China’s state-run Global Times newspaper defended in a Sunday column widespread crackdowns on Christmas displays and public celebration of the Christian holiday, claiming Western media reporting on the matter had “gone too far” and police action was necessary to “regulate excessive commercialization.” These crackdowns transpired in at least four major cities.
“It may be the media’s natural instinct to exaggerate news stories to attract more eyeballs. But when it comes to Christmas in China, Western media have apparently gone too far,” the Global Times protested. “Western media seem to have declared that China is waging a war on Christmas at a whim. Native-born Chinese would find it laughable after reading their stories and say the China in their reports is a different nation from the one in which they’ve been living.”
The Times took particular offense at the response to news, reported initially in state media, that the city of Langfang had launched a campaign to eradicate Christmas from the public square, encouraging citizens to report any neighbors they witnessed celebrating Christmas in public. Langfang’s police also launched a crackdown on public displays such as Christmas trees, lights, and public sales of Christmas merchandise–apples, for example. It has become a Christmas tradition in China to exchange apples with words like “peace” written on them to celebrate the holiday.
Langfang reportedly launched this widespread action to erase Christmas from the public in an attempt to win the federal government’s “National Civilized City” award, which the Global Times described as the “highest honor to a city as it has strict standards in a variety of aspects, including the city’s social development, economy, infrastructure construction and public services.”
On Sunday, the Times identified apple sales and prayers as potential public nuisances the police had a right to curb.
“It is a routine for Chinese urban management authorities to manage roadside stalls and migrant vendors who often occupy bike lanes and even the motorway mostly without a legal business license,” the Times claimed. “This is not aimed at Christmas particularly.”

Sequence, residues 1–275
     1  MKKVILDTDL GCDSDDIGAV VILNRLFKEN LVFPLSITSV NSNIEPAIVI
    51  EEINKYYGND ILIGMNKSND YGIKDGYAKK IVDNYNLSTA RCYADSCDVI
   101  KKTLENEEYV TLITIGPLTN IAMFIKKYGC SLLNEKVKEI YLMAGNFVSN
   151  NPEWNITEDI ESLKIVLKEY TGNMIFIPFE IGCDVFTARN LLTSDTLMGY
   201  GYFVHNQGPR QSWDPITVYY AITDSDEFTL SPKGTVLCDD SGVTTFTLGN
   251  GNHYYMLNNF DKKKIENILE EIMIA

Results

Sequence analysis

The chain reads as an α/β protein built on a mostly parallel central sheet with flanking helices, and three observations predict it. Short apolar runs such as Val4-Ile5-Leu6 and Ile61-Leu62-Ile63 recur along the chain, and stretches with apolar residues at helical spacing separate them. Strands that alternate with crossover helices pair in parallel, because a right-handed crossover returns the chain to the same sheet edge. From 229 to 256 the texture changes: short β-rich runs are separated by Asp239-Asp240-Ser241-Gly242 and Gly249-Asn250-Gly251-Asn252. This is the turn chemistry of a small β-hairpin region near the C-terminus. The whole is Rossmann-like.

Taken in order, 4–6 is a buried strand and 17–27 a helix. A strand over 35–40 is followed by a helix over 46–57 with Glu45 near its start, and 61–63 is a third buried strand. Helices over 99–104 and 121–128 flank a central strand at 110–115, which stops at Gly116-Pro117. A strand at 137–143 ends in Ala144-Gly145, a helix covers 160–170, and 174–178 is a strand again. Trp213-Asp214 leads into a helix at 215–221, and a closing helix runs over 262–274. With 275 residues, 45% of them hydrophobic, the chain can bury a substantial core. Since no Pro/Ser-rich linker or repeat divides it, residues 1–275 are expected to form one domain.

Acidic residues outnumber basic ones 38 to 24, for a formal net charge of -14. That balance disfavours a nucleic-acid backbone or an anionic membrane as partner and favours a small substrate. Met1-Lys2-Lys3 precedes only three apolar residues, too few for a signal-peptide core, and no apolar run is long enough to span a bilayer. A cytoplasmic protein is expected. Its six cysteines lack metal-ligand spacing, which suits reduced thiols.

The Chinese government publication also claimed that keeping religious activity out of the public square was not only a police duty, but one commonly upheld in Western countries, comparing the French government shutting down a loud Islamic prayer session in the city of Orléans this year after public complaints with Chinese police urging citizens to report neighbors who appear to be celebrating Christmas.
The greater issue, the Global Times claimed, is not silencing Christmas, but “exploring how to regulate excessive commercialization of religions,” a goal allegedly “not targeted at Christians.”
“People do not reject Western culture in the real China,” the Times concludes. “Those who often post dumplings on their social media accounts are the same ones who like to post their Christmas celebrations.”
The Langfang incident and similar crackdowns throughout the country indicate that the Communist Party intends to make it more difficult for Chinese people to embrace even secular Christmas traditions. In cities like Xian – where archaeologists found an eighth-century Nestorian tablet, the first evidence of Christians living in China – Kunming, and other locations, local government officials have discouraged citizens to display Christmas lights, Christmas trees, and other Western traditions, even as malls and large retailers use Christmas as an excuse to put on large sales and profit.
While shops in metropolises like Shanghai have largely failed to attract police action, smaller cities like Nanyang and Hengyang have seen an increase in police activity to shut down Christmas sales and warn stores that any Christmas sales would trigger government retribution. In the Hengyang case, police ordered Communist Party members, in particular, to remain “models of adherence to Chinese traditional culture” and stay away from Christmas celebrations.
Communist Party leader Xi Jinping has prioritized eradicating the independent practice of Christianity, Islam, and Buddhism during his tenure, choosing to promote Communist Party-directed religious organizations rather than attempting to discourage religion completely. Christianity is one of China’s most popular religions, prevalent nationwide and reportedly attracting as many as 100 million people. (For comparison, China boasts only 80 million members of the Communist Party.) China legally recognizes five religions – Taoism, Buddhism, Islam, Christianity, and Catholicism – all led by government-approved leaders. On Monday, China’s Communist-approved Catholic church organized Christmas mass celebrations to contain the observation of the holiday to controlled locations.